Employability skills are what you need to enter, stay in, and progress in the world of work—they are the skills, attitudes, and behaviours you need to participate and progress in today’s dynamic world of work.
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Industry Training Authority
- read and understand information presented in a variety of forms (e.g., words, graphs, charts, diagrams)
- write and speak so others pay attention and understand
- listen and ask questions to understand and appreciate the points of view of others
- share information using a range of information and communications technologies (e.g., voice, e-mail, computers)
- use relevant scientific, technological, and mathematical knowledge and skills to explain or clarify ideas
- locate, gather, and organize information using appropriate technology and information systems
- access, analyze, and apply knowledge and skills from various disciplines (e.g., the arts, languages, science, technology, mathematics, social sciences, and the humanities)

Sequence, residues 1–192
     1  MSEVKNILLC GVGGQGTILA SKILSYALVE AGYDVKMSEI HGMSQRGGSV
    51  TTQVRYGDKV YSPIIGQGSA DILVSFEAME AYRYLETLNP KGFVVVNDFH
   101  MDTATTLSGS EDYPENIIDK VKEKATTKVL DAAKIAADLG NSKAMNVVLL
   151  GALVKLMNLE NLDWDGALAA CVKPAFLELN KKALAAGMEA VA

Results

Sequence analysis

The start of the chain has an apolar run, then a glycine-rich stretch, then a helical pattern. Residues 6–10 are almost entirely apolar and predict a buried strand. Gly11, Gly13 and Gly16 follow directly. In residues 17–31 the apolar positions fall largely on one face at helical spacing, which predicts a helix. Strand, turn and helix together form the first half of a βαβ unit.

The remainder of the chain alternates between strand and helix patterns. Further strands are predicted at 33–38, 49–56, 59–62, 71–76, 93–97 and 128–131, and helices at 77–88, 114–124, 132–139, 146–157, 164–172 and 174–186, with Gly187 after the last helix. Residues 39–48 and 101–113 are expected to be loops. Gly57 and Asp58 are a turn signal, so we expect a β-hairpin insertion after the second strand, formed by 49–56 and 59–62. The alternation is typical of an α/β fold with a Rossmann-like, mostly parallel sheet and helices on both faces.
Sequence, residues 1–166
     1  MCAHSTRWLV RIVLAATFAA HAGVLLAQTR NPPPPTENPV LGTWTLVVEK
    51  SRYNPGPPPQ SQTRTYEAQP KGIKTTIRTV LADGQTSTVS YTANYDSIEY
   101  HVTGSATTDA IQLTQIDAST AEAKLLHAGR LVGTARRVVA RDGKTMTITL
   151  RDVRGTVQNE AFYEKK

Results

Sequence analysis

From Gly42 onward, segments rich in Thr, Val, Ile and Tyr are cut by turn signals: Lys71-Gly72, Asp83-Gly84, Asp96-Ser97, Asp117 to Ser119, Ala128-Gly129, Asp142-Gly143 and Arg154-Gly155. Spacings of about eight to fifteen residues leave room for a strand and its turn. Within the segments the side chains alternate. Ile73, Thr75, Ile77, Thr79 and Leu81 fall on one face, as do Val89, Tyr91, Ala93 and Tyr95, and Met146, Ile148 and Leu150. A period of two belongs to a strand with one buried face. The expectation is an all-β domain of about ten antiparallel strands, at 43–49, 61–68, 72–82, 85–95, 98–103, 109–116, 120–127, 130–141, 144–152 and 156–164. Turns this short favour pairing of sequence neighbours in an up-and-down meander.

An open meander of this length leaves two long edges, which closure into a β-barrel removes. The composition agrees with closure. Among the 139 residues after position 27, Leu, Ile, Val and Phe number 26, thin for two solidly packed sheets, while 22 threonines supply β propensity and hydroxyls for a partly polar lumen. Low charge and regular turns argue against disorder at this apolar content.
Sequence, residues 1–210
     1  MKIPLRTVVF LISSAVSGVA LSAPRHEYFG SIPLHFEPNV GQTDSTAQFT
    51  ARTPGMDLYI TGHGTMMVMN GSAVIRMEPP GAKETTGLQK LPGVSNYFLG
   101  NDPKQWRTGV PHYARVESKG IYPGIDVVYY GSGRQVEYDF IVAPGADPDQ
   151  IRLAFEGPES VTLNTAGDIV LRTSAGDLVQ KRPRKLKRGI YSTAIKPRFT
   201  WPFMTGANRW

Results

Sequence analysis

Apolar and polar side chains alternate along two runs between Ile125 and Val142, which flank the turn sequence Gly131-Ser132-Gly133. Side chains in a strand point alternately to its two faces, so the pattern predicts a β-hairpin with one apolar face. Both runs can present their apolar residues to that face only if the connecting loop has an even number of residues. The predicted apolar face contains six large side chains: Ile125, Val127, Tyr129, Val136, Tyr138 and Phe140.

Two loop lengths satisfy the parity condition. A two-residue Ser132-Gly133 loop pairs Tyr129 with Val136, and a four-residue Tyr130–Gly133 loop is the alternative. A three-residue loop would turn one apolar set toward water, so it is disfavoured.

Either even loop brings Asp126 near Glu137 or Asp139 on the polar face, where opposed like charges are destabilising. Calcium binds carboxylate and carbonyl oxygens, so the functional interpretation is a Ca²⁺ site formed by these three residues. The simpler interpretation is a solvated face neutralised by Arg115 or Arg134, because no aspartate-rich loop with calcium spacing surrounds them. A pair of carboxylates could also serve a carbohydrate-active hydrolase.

- decide what needs to be measured or calculated
- observe and record data using appropriate methods, tools, and technology
- make estimates and verify calculations
Think and Solve Problems
- assess situations and identify problems
- seek different points of view and evaluate them based on facts
- recognize the human, interpersonal, technical, scientific, and mathematical dimensions of a problem
- identify the root cause of a problem
- be creative and innovative in exploring possible solutions
- readily use science, technology, and mathematics as ways to think, gain, and share knowledge, solve problems, and make decisions
- evaluate solutions to make recommendations or decisions
- implement solutions
- check to see if a solution works, and act on opportunities for improvement
- Demonstrate Positive Attitudes and Behaviours
- feel good about yourself and be confident
- deal with people, problems, and situations with honesty, integrity, and personal ethics